What is the universality of the human condition?

In his book, We Agnostics, Paul Schulte explains that a lot of work in Buddhism, Hinduism, Catholicism, Protestantism, Transcendentalism, Sufism, and Islam are all the same thing. This underlines the crisis of self-despair and reaching out to a higher power that suddenly offers us a way out or a sense of propulsion. 

There is a confession of ancient sins and ancient hurts then having a dam of tears and then feeling a sense of community and union where helping others is a natural outcome. In his book, Paul reveals the basic vein of similarity in all these different spiritual movements in human history.

Resonating with the Great Mind of William James

William James threw a lot of energy into the study of the subconscious and where the urges to suddenly stop what seems like a chronic behavior comes from in humans. In his book, he questions what causes these transformations in humans. 

Founder of Alcoholics Anonymous, Bill Wilson, got hold of William’s book from his friend, Ebby Thatcher. The 12-step movement was inspired by the works of William James, as evidenced by the similarities between these two great works. 

According to William James, self-loathing, alienation, and fear are the three marks of the “soul-sick.” Then, the soul moves toward a new center of heat and light which is a sense of serenity and peace of mind. The mark of a spiritual experience is twofold: first, life gets bigger and, secondly, we feel like we belong and unite with other people.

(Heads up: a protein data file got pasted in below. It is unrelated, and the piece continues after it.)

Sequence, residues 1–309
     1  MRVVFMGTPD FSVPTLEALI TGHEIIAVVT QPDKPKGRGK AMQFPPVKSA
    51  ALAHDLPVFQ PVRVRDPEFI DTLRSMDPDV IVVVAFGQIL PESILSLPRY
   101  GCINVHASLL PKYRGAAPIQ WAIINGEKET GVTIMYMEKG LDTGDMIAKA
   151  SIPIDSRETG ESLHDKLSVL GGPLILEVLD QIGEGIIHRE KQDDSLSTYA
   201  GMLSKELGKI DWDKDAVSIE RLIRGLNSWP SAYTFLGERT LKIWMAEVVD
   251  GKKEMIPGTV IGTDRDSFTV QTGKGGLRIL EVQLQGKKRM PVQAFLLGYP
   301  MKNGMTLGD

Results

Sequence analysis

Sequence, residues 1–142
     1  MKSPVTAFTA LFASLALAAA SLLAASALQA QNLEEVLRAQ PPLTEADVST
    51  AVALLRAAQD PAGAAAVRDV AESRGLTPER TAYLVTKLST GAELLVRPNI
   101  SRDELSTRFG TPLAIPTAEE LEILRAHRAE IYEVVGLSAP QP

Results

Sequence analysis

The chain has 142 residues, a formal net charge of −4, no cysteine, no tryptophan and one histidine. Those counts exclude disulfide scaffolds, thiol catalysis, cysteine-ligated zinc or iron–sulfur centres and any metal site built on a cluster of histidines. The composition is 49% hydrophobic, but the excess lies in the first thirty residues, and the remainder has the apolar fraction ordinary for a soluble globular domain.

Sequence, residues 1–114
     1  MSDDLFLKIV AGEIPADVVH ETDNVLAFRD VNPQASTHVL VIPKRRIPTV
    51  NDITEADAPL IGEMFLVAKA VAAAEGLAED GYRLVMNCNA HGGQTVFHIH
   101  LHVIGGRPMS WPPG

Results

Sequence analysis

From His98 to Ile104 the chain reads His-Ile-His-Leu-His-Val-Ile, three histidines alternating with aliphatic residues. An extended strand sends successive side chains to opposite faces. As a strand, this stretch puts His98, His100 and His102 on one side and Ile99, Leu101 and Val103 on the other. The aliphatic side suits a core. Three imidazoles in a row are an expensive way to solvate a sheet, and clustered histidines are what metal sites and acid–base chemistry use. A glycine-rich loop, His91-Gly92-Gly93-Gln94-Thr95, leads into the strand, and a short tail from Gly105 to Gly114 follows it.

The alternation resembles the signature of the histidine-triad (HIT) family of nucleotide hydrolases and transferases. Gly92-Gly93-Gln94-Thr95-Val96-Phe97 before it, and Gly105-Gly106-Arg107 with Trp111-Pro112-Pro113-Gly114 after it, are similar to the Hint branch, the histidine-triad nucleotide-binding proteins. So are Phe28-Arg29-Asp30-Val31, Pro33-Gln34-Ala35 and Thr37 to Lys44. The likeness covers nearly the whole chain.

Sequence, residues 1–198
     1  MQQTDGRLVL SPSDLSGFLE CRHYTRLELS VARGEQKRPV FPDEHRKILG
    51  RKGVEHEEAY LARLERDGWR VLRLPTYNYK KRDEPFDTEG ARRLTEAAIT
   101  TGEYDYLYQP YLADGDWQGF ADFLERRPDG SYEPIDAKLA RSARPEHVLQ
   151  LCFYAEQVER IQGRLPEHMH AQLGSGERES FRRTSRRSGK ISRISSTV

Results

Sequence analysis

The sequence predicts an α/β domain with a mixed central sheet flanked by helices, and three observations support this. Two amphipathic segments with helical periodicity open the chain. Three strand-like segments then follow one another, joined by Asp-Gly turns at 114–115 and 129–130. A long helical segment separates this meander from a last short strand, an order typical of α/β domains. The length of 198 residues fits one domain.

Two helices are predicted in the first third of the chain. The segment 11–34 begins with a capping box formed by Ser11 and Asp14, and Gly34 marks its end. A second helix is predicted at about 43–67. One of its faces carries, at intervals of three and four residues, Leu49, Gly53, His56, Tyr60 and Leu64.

William explains that we have been reading about this for 3,000 years. There’s this desire to move towards some new form of regeneration of the human spirit that comes to us from the subconscious. 

Whether this is a natural thing or a spiritual thing, he says he doesn’t know. If it’s a spiritual thing, then it’s better because most of these occurrences happen in the realm of spirituality. But it may just be natural. We don’t know what this God is even though this is a natural process. That’s why he says we are all agnostics. Nobody gets to go behind the veil into the subconscious to see how it all works. The experiences we all have are fleeting and hard to explain. However, they’re also deeply personal as they’re only understood by the individual.

If you want to learn more about William James’ work and philosophy, check out Episode 165: Embracing Humanity: Meshing the Works of William James and AA’s Bill W. with Paul Schulte.